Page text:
The Tokyo Olympics hanging in the balance

by Sadhbh O'Shea

Words by Sadhbh O’Shea | Photo by

Little did we know last March when organisers began postponing events due to the emerging coronavirus pandemic that those same events would be on the precipice of cancellation a year later for the same reason.

The organisers of the Tokyo Olympic Games have been adamant that the competition will not befall the same fate as many have already, despite an unnamed official claiming they had privately concluded the opposite. Both the Olympics, which are scheduled to begin on 23 July, and the Paralympics, which are due to begin on 24 August, hang in the balance.

Tokyo is currently just over halfway through the state of emergency period announced on 7 January amid rising cases of Covid-19 in the region. The measures appear to be slowing the spread, but they could be extended beyond the current deadline of 7 February as authorities look to reduce case numbers further. 

With the Games still six months away, it might seem premature to worry about whether they will still go ahead. However, if the coronavirus pandemic has taught is anything it is that nothing, not even those events far down the line, is a certainty. The situation in a country can deteriorate extremely quickly. 

I live in the Isle of Man and we went from enjoying life almost as normal, with no community cases, to hard lockdown in just over 24 hours. Coming out the other side is another prospect entirely and one that is not as simple as it was to enter. Here in the middle of the Irish Sea, we have been blessed with an extremely limited spread, but it will still be over three weeks between the beginning of lockdown measures and the lifting of them.

Having experienced relatively low Covid-19 case numbers in the early part of the pandemic, Japan is facing a much tougher fight this time around with daily rises almost triple what was seen during their previous peak in August 2020.

Having experienced relatively low Covid-19 case numbers in the early part of the pandemic, Japan is facing a much tougher fight this time around with daily rises almost triple what was seen during their previous peak in August 2020.

The International Olympic Committee president Thomas Bach has tried to quell concerns and said a “toolbox of measures” were being put in place to “address the situation”. The IOC and local organisers face an uphill battle to keep everything on course. 

Last year we saw how well a thoroughly planned event bubble worked at cycling races and Olympics could learn something from the 2020 cycling season. However, the multi-discipline competition is a very different kettle of fish. With a vastly increased number of competitors and support workers involved there are a lot more weak spots in the armour that coronavirus could infiltrate.

If the games were to be cancelled it would be one of the biggest, if not the biggest, sporting casualty of the whole pandemic. Unlike events such as Paris-Roubaix or a round of the track world cup, there is not another one just around the corner. For many athletes, it would be five years of work laid to waste.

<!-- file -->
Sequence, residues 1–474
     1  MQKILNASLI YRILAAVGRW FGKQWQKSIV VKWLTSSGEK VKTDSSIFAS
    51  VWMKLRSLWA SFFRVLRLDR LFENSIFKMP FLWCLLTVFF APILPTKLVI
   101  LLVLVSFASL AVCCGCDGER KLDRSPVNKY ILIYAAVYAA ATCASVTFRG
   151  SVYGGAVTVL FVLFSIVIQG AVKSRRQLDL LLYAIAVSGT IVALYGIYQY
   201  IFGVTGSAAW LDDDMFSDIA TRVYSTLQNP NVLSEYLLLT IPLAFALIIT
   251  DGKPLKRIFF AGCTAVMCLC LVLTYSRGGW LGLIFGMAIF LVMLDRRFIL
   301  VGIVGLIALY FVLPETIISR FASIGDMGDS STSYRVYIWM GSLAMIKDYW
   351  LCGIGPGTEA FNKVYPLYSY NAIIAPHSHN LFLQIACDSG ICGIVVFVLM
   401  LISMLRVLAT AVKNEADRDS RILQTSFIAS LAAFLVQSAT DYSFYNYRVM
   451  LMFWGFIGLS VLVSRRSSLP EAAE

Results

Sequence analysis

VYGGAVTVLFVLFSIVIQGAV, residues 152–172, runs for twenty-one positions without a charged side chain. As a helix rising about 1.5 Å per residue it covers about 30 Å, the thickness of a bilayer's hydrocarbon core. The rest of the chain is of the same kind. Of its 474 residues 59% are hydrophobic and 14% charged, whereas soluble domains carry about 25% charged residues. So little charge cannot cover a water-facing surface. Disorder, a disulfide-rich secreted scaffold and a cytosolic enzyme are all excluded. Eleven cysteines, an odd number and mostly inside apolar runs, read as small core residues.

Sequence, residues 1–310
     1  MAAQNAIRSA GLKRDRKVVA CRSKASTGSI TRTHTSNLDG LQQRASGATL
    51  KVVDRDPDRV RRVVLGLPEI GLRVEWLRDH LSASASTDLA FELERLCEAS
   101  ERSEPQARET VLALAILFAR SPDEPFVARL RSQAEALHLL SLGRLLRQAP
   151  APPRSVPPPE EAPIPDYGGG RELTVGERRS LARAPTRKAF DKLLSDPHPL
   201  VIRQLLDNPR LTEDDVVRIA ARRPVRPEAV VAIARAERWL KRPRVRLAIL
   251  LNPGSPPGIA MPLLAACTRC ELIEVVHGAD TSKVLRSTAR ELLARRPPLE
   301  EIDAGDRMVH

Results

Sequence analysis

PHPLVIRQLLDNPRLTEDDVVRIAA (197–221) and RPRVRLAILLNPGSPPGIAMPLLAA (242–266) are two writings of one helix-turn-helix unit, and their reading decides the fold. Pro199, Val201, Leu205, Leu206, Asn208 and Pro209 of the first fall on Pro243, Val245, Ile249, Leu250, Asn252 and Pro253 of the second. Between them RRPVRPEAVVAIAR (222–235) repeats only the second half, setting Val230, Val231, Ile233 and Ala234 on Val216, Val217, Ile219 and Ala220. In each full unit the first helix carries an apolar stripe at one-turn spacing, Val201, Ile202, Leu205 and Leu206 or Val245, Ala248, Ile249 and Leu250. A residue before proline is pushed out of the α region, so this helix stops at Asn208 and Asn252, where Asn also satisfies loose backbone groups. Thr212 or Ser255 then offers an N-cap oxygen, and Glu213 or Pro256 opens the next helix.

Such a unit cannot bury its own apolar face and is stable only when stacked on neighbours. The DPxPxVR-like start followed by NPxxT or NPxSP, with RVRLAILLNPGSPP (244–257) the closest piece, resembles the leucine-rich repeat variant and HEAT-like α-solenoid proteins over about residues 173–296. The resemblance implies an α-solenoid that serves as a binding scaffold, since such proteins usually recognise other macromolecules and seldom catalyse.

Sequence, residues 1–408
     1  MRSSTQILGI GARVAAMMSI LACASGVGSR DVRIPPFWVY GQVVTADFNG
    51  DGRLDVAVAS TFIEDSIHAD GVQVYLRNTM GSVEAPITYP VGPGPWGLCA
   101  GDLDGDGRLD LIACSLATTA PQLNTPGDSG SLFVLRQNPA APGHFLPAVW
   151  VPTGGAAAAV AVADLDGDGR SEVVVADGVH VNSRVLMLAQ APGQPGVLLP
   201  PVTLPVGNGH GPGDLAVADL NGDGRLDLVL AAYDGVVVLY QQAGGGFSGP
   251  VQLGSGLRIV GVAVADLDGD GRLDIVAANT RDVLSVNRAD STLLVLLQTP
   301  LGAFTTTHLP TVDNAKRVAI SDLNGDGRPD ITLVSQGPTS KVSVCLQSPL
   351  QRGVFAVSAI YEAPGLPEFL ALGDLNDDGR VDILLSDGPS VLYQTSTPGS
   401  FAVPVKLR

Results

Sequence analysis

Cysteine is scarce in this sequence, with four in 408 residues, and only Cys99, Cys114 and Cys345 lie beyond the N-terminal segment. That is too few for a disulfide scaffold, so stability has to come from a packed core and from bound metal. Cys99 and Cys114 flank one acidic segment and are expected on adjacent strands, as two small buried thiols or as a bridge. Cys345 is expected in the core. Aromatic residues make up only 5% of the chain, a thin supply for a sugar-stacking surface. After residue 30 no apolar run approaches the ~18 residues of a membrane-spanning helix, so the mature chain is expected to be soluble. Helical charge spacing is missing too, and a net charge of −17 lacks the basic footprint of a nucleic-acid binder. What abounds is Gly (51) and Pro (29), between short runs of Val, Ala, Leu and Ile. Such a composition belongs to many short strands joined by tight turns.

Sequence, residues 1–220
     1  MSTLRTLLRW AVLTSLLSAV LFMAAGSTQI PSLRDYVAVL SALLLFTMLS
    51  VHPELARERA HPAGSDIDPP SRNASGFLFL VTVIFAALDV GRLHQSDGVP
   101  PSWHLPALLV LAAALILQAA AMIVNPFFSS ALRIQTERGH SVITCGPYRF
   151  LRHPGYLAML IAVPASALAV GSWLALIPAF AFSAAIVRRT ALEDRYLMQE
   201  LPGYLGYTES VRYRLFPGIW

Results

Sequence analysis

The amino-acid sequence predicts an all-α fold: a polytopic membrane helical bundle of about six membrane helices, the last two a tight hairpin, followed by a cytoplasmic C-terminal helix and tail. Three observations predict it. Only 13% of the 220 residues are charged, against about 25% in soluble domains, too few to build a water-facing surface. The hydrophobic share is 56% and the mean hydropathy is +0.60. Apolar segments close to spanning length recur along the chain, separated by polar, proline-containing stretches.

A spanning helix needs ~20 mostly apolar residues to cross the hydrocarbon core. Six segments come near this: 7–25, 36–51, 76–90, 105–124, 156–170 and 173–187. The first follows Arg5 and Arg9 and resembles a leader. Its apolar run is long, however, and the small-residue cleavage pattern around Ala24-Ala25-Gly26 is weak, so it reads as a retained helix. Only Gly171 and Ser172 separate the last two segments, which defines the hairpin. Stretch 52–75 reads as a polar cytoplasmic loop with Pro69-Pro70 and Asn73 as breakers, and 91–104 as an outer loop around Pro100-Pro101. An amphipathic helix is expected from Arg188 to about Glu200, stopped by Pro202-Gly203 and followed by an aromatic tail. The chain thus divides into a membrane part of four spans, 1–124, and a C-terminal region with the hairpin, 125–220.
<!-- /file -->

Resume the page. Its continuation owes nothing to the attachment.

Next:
Within the cycling world, those focused on track and BMX would feel any cancellation most keenly, but it would be a hard hit to any of the disciplines. Perhaps this was the last chance for some, or the best suited course to their capabilities or they’ve never felt better. The challenge for athletes is to keep training and pushing until such time as their told, either way, of the fate of the Olympic Games.

Olympic gold medallist on the track, Elinor Barker told Sky Sports that she could not let doubt seep in, despite the rumours. “Until a decision is actually made and finalised in my head it is on 100 per cent,” she said.

“I think that is the only way mentally that I can deal with it, by still turning up to training every day and giving 100 per cent. Because even if I had one per cent of doubt in my mind, that would impact my training and preparation which I cannot afford to happen.”

Ultimately, the health of the Japanese people should be the paramount factor behind the decision of whether to host the Olympics. However, the IOC and local organisers should not drag out any decision for the sake of the mental health of the athletes. The longer it does take to make the call to cancel, the worse the shock will be felt.

The impact that sport has in society can’t be underestimated and, with the pandemic still raging on throughout the world, being able to watch the Olympic Games would be a huge morale boost for many, but it should not leave a trail of devastation in its wake. I hope that it can go ahead in relative safety, but the Games should not be held at all costs.

If you enjoyed reading this, why not take a look at our review of the 2020 season,
Racing in the Time of Covid, available to buy here.

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